I can see you clutching your pearls at my blasphemy now. But I stand firm in this realization, and will proceed to tell you why.
All you need is love. Sounds nice, doesn’t it? Too bad it’s utter bullshit.
There are a lot of head-scratching Beatles songs. And some of those were brought to amazing cinematic life via a little movie called Across the Universe.
But those boys really sucked the blunt when they wrote All You Need Is Love.
There’s nothing you can do that can’t be done…
Nothing you can sing that can’t be sung…
Okay, I can roll with that.
Nowhere you can be that isn’t where you’re meant to be…
It isn’t easy. Life is NOT easy, and love is NOT all you need to navigate it successfully.
Maybe I’m making things too complicated. Maybe I’m not being spiritual enough. But the last six months have been kind of the worst, and I’m tired of not admitting that.
Before we made the 14 hour drive moving back to my hometown, life was pretty good. It wasn’t perfect – I mean, I would have liked a bathtub and a double sink to wash dishes in and a regular job, but hey #firstworldproblems. My husband had a great job laying floors with his dad, and I was finding enough work to get by. We always had enough.
And then, things sorta crashed and burned. We lost our baby. I couldn’t take the city and its crowded loneliness anymore, so I persuaded Steve to leave the only home he’s known for mine.
I got a job at Starbucks and lived in a friend’s basement while Steve packed up our bungalow and looked for places to live. That’s how little we planned our move. People said we were crazy, that we were running away from our problems, that we wouldn’t succeed. But we took a note from t-Swift about it, and shook those hay-hay-haters off.
I was enjoying Starbucks immensely, and after 3 weeks of being separated, Steve and I moved into our new little home, complete with bathtub and double sink. And second bedroom. And closets, oh my.
We were living the dream. We had plans; I would support us until Steve found work as a floor layer, we would pursue our music, we would heal from our wounds.
It almost worked, too.
Then a couple of weeks before Christmas, I unceremoniously lost my job.
New Years rolled around, and we each made beautiful resolutions to start fresh, keep pounding the pavement for work, investing in our relationships with friends, family, each other.
Less than a week later, Steve came down with the chicken pox.
You heard me: my 36 year old husband caught the motherf’ing chicken pox. For 6 weeks.
For 6 weeks, I waited hand and foot upon this man, 24/7. Getting him better was my job. With each day that passed, our money dwindled. And we became a tad…tetchy.
Because, yes, we were in love. Yes, we had taken the leap of faith to make our dreams happen. Yes, we had enough to eat. We didn’t look broke. But the rent was due, and living 30 minutes out of town was burning fumes in our pockets. We hardly spoke or touched; when we did, we were ridged with tension. Dishes were tossed, doors were slammed.
Had our haters been right?
One day, the landlord came over to plough our driveway, and I literally hid in the bathroom for 20 minutes so that he wouldn’t possibly be able to see that I was home instead of working.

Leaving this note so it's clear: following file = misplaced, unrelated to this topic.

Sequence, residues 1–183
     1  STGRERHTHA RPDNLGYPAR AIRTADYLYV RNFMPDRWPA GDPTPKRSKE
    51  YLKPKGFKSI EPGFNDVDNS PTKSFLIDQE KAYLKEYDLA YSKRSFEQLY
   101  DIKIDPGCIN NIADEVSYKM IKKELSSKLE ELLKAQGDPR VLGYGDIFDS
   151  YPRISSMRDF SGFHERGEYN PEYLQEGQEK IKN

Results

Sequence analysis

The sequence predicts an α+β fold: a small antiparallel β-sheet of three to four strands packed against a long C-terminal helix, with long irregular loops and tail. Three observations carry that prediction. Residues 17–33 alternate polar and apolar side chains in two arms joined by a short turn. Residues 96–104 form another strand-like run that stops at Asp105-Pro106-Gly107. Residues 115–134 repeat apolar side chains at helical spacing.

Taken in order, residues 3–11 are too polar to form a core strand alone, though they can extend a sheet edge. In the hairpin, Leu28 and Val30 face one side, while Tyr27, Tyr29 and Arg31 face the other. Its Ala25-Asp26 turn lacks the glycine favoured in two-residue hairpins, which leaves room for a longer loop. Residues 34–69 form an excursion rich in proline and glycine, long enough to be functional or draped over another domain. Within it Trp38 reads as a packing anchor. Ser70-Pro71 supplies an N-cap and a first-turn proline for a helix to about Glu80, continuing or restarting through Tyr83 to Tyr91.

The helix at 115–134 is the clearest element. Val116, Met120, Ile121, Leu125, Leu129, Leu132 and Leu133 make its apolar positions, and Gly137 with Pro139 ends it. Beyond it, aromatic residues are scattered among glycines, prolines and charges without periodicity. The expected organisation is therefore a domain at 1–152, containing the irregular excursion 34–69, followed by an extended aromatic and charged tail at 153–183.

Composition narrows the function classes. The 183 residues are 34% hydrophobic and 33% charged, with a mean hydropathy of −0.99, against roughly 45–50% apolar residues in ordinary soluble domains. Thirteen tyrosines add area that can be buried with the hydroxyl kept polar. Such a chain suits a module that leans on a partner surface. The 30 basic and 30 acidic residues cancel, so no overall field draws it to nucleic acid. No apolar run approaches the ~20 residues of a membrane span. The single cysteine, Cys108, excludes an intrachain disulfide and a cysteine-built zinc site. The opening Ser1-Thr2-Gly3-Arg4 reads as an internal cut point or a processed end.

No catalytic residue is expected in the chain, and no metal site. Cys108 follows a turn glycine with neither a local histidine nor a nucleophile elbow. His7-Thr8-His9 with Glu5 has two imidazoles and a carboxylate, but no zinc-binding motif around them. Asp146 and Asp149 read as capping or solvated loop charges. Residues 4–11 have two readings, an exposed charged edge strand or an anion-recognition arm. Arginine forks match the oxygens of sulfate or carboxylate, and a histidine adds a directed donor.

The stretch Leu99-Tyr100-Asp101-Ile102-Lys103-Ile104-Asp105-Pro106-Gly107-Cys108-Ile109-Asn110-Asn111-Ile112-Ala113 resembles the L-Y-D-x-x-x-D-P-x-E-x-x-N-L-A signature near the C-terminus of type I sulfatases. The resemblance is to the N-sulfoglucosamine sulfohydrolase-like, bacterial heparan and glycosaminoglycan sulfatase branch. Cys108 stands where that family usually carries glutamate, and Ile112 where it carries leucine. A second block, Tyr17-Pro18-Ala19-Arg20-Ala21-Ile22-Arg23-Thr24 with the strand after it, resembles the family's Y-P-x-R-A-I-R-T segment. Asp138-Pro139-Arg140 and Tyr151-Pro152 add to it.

Every time I looked at our bank account, I saw the word homeless on our horizon. I embraced the panic and the shame of our failure. I doubted every decision we’d made. I blamed myself, because if I hadn’t been so weak, would we have made these decisions to begin with?
I began to reach out to people; I couldn’t help myself. It’s the most awkward thing in the world, sharing money problems. Being broke is relative, and how do you share your struggle without making your friends feel like you’re subtly asking for a handout? Which, you’re not, but you’re at a totally vulnerable enough place where it wouldn’t even slightly rankle your pride to accept one?
People can say money is the root of all evil, that money doesn’t buy happiness, that it only corrupts. But it’s a lot easier to believe that when you have enough money.
Through facebook and friends’ inquiries, I started picking up nannying jobs around town. Steve was getting stronger, and had become able to function on his own.
And then, a miracle happened.
We remembered our music.
Because of our “down time”, we were able to start singing and playing instruments together again. People started asking us to play sets of 9 or 10 songs at art galleries and cafes around town. We might even play a big festival this summer.
We are living the broke musician life, and while it’s not glamorous, it is fulfilling.
Every single set, we include this particular song. It is our anthem.
Because, while living an “all you need is love” kind of life would be nice, it’s not real.
This? Most definitely, assuredly, and heartbreakingly is.
We made this video 2 years ago, just barely out of the marriage gate, having no idea some of the obstacles we would overcome.
Today, the snow is melting, the sun is shining, I’m a full-time nanny, and Steve has a brand new job starting tomorrow morning. (Send him a good thought, would you?)
Take my hand; we’ll make it, I swear.